Pronator Syndrome

Pronator syndrome is the compression of the median nerve around the elbow and palmar side of the forearm. Because it is the same nerve that causes carpal tunnel syndrome, there is overlap in the symptoms making the diagnosis difficult, at times.

Pathology

Pronator syndrome is the compression of the median nerve around the elbow and palmar side of the forearm.

The median nerve is one of the five nerves arising from the brachial plexus and traveling down the arm to innervate the forearm and hand muscles.

Responsibilities of the Median Nerve

  • Most of the flexor mass muscles
  • The muscles on the palmar side of the thumb
  • Sensations of the thumb, index, long and thumb side of the ring finger

When the median nerve is compressed, the sensation of these 3 ½ fingers is progressively lost and the muscle girth of the forearm muscles decrease due to muscle atrophy.

Depending on where the compression occurs will depend upon whether the sensation and muscle strength is affected.

Four Sites of Median Nerve Compression

  1. A bony or cartilaginous spur called a supracondylar process. The spur creates a tunnel above and inside the elbow with a restricted diameter. This causes both sensory and motor deficits in the forearm and hand.
  2. The pronator muscle, for which this syndrome is named. The median nerve travels under this muscle as it leaves the elbow. Fascial bands in the pronator muscle can constrict the median nerve. This constriction will produce similar symptoms as in the compression produced by the supracondylar process.
  3. The bicipitalaponneurosis, a normal fascial band on the volar side of the elbow. The biceps tendon contributes some fibers to thisanother structure the median nerve travels under and on rare occasions can compress the median nerve producing similar sensory and motor symptoms.
  4. As the median nerve travels down the arm, it will divide into the anterior interosseous nerve (AIN) and the remainder of the median nerve travels down the arm to innervate the hand. As the AIN splits from the median nerve proper, it travels under a fibrous arch of the muscles called the flexor digitorum superficialis (FDS) arch which is the fourth area of median compression in pronator syndrome. Since the AIN is mostly a motor nerve to the forearm muscles, the forearm muscles atrophy and develop weakness resulting in difficulty bending the last joint of the thumb and index finger without affecting sensation to the hand.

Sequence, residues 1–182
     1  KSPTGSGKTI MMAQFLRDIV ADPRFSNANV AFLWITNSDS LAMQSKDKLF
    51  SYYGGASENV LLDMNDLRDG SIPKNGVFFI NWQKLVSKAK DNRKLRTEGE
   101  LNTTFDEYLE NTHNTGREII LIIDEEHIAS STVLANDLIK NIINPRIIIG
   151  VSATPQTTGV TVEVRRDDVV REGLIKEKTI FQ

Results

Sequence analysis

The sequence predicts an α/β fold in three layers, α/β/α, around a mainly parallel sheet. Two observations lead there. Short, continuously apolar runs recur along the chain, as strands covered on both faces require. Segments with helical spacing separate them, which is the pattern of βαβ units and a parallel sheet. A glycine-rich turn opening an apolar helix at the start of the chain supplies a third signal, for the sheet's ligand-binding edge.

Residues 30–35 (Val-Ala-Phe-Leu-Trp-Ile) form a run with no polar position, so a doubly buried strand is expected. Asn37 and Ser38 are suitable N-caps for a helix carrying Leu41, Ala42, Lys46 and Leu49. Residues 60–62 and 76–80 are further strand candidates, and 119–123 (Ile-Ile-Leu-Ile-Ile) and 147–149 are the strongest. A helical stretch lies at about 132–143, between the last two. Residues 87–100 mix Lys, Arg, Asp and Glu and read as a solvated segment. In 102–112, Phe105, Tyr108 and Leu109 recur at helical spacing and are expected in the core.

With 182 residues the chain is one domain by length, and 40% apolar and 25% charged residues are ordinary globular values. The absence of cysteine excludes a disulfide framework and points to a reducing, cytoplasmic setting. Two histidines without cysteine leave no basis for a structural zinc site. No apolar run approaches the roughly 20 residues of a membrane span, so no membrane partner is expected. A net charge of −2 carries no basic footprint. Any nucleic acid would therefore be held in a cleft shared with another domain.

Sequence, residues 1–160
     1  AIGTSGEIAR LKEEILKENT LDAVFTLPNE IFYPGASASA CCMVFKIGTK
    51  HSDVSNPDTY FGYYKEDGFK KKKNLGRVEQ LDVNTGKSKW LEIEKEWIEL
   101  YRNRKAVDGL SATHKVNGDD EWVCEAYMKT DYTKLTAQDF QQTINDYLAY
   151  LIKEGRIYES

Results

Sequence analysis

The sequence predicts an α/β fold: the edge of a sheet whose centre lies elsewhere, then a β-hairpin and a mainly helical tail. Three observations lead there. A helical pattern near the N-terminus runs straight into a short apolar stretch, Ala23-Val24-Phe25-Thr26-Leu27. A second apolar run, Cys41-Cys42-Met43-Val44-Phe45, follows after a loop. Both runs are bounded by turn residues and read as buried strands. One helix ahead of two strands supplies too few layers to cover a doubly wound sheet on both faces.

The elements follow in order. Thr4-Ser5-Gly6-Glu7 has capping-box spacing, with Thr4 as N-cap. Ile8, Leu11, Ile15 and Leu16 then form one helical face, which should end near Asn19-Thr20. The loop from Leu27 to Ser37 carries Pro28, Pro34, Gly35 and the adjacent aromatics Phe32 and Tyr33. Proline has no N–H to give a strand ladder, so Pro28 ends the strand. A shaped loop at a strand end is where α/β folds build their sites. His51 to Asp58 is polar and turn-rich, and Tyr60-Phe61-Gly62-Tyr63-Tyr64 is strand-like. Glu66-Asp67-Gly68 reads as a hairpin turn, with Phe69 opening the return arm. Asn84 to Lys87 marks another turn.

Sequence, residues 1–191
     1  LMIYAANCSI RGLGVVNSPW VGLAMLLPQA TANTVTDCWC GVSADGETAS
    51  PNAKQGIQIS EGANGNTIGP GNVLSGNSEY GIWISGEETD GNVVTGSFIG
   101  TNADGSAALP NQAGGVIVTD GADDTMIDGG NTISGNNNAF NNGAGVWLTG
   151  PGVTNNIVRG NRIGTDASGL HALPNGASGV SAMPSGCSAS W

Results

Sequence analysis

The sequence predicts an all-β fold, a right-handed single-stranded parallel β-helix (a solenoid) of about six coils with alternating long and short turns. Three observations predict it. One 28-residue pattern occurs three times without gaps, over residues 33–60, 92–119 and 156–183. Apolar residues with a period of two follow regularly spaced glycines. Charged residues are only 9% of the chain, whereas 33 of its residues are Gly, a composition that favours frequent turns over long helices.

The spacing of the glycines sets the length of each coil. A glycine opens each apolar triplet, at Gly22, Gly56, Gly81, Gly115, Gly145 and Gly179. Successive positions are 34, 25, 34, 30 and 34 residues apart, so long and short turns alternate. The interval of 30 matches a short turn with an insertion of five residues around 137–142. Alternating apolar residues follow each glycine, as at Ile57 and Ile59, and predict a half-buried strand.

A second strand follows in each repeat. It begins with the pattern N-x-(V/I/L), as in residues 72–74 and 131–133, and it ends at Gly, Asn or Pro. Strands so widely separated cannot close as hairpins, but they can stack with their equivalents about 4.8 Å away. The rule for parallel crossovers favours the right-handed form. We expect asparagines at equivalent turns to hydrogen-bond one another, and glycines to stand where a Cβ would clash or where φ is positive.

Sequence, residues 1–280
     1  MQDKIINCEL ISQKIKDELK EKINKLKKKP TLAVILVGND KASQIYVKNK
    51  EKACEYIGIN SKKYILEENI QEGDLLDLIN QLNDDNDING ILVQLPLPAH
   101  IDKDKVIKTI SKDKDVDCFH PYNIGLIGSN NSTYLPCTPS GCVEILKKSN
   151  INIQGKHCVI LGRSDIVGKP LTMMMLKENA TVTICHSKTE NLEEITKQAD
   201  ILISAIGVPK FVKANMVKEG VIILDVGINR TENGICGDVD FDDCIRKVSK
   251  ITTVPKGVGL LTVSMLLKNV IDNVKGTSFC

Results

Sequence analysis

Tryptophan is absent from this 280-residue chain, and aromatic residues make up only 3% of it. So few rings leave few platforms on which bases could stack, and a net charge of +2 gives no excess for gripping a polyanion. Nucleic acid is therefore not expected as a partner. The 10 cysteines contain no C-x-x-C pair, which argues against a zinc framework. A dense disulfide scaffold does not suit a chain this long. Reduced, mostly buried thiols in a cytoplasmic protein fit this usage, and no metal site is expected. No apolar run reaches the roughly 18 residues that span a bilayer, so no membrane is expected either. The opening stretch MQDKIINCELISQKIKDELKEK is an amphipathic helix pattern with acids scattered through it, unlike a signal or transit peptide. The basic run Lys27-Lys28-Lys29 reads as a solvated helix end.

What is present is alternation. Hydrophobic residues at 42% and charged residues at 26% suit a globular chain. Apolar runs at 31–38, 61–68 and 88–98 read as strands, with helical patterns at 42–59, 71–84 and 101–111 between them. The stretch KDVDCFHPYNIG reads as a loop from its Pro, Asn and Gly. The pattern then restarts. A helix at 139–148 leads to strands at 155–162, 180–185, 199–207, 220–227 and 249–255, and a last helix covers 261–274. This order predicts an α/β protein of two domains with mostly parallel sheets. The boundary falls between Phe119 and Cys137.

The physical exam and EMG/NCS nerve study are the only two studies necessary to make a diagnosis. Many patients with pronator syndrome have a false negative nerve conduction study and the experience of the surgeon will dictate if surgery will be required.

The median nerve also causes carpal tunnel syndrome, resulting in an overlap of symptoms. This can make diagnosing Pronator syndrome difficult.

Pronator syndrome can also present as a dynamic condition that only occurs with repetitive forearm activities involving wrist flexion, extension and forearm rotation.

Treatment

Pronator syndrome is initially treated conservatively.

Initial Treatment

  • Elimination of the offending repetitive activity
  • Therapy
  • Anti-inflammatory medication
  • A resting wrist splint

If these measures fail, or if the forearm and the arm atrophy (loss of muscle girth in the forearm and thumb) is severe or progressive, surgery is the best option.

Surgery for pronator syndrome, like carpal tunnel surgery, is done to release the offending structures.

The presence of a supracondylar process (bony spur on the inside of the arm bone) is rare. When a supracondylar process is present, the incision must be above the elbow.

However, the majority of cases of pronator syndrome are the result of pronator muscle compression, FDS sheath edge effect or the bicipital aponeurosis. These anatomically tight areas are all released though a small single forearm incision.

After surgery, a soft dressing is applied and motion exercises are begun immediately. Full recovery is expected within one month after surgery if severe muscle atrophy is not present.